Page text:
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  • Writer's pictureTed Bradshaw

Something to think about, something to do

Forgive me but: this one is going to be all about me.

 

I was stopped in my tracks recently when someone told me that they really admired my confidence when it came to some teaching work I was doing. It stopped me because I noticed that they were right: I did feel confident. For a long time, when people had told me that I seemed confident, I would sort of bat it away, because while I might have come across as confident, I didn’t really feel that way inside most of the time.

 

Being able to recognise that I actually do feel it inside made me stop and think: hold up, when did that happen? Because I certainly didn’t start with it. Whether it is teaching, doing the videos that I do, or writing this blog, I started out absolutely shaking with nerves, and overwhelmed with the assumption that I would be rubbish, that everyone would laugh at me or hate what I was doing.

 

Now I feel differently. I know that generally speaking, what I do will be useful to someone. I know that people generally like my teaching style. I also know that some people won’t or will take against some of the things that I do, but I also know that I can cope with that.

 

I knew none of those things when I started (I actually started writing a blog over 10 years ago but gave up because someone found it and commented “boring” on a few of my posts and I was absolutely devastated).

 

I was training and working as a therapist, all this time, so I know there are some internal thought processes that have helped me along, but I also know that there is no way you can build towards confidence without actually doing something. Here is how I would explain how it works:

 

Getting better

 

When I started teaching and writing, there was something there, but it wasn’t what it is now. I was enthusiastic, but I didn’t know how to slow myself down. I had some ways of putting things across, but it could be hit and miss. I occasionally got things wrong and while it was often mortifying, it always taught me something. I also got feedback, which I found excruciating to read, but again always gave me something to think about for next time.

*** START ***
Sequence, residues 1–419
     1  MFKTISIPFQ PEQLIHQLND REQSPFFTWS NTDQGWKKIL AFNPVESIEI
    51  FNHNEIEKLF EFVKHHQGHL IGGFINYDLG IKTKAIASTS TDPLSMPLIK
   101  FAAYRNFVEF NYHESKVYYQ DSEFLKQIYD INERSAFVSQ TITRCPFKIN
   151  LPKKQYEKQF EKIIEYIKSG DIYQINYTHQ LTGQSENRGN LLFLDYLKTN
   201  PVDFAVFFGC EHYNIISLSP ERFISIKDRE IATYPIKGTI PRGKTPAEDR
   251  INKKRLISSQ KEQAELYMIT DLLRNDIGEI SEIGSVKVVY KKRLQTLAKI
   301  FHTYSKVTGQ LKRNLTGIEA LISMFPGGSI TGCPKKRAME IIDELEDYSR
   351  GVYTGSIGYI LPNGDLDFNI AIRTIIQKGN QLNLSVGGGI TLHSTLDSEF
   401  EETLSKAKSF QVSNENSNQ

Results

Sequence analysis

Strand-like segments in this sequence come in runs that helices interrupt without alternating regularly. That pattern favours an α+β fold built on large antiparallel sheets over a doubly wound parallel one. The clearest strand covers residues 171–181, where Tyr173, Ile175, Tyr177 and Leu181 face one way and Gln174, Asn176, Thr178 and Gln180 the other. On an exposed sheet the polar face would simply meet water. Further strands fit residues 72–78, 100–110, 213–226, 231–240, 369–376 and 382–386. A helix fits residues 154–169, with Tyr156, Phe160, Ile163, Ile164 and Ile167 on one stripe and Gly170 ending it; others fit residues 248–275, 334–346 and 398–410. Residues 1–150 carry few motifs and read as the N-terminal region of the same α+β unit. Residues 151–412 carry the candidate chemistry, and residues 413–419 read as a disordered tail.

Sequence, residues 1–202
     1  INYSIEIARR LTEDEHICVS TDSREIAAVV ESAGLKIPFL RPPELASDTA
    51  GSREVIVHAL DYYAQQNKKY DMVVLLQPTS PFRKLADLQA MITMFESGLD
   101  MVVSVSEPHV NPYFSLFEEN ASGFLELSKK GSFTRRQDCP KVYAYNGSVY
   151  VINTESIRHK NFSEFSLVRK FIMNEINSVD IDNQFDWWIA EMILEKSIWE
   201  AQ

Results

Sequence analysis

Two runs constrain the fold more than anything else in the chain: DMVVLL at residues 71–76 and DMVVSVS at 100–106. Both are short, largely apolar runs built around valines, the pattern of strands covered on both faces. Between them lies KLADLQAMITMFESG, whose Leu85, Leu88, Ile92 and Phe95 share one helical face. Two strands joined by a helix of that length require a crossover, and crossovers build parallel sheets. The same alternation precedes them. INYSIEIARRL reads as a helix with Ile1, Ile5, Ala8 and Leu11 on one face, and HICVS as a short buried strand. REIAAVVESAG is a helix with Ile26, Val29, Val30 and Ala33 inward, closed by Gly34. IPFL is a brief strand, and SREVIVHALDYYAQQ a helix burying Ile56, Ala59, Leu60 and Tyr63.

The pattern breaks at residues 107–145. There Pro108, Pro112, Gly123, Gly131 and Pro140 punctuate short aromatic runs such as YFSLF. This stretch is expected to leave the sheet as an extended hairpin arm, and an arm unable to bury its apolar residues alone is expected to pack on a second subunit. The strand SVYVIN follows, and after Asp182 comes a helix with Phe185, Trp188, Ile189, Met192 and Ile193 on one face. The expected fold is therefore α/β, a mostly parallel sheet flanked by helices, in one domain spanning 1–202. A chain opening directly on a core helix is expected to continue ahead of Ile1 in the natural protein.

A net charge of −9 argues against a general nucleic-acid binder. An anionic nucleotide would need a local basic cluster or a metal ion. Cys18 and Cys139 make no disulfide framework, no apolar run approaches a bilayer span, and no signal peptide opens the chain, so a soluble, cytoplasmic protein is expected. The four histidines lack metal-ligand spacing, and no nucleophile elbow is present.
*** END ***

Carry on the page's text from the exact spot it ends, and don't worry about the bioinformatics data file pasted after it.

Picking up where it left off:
You can’t get that without actually doing it.

 

Repetition

 

The concept of “habituation” is used a lot in cognitive behavioural therapy. It is the thing we use to treat most anxiety issues: the idea that if we face the thing we are scared of and sit with the fear, it will go away on it’s own. The more we repeat that, the quicker the anxiety starts to fade. I definitely recognise this. I had come a long way up until about 2019, but then I got a teaching job and I was teaching all the time. It is the couple of years from then that I really started to physically be able to feel more relaxed about being in front of people.

 

Trust in myself and others

 

Through doing this repeatedly and meeting a lot of people, I got to learn two things:

 

Most people are really nice and want you to succeed.

 

Some people won’t like what you do, and some people are actively mean, but when they are, you can cope with it better than you thought you could.

 

I could say that to myself all I liked before I published my first blog post, but there is no substitute for going out and actually experiencing it.

 

I wanted to share this because I think about other areas of my life where I haven’t taken that approach. Where I was tempted to give something a go but didn’t, because I was afraid of messing it up or not being good at it. I also see my kids wrestling with the same thing sometimes. It might be performing or something like that, or it might be something just for fun: being afraid to join in with the singing or the games, because it feels like we might mess it up.

 

When we know we don’t need confidence to get the ball rolling and we know that the confidence will come with time, maybe that helps us take the first step.

 

Something to think about 

 

If you knew that you could cope with being a bit rubbish and a bit anxious for a while, (knowing that both of those things would improve), what new things would you try?

 

Something to do

 

Try out setting yourself a little challenge of doing something slightly out of your comfort zone. Not expecting it to be any good or to go particularly well, just to set yourself the challenge of being uncomfortable for a bit, and see how that goes.

 

Thanks for reading! Until next week,

 

Ted

 

P.S. let me know if you do give something a try!

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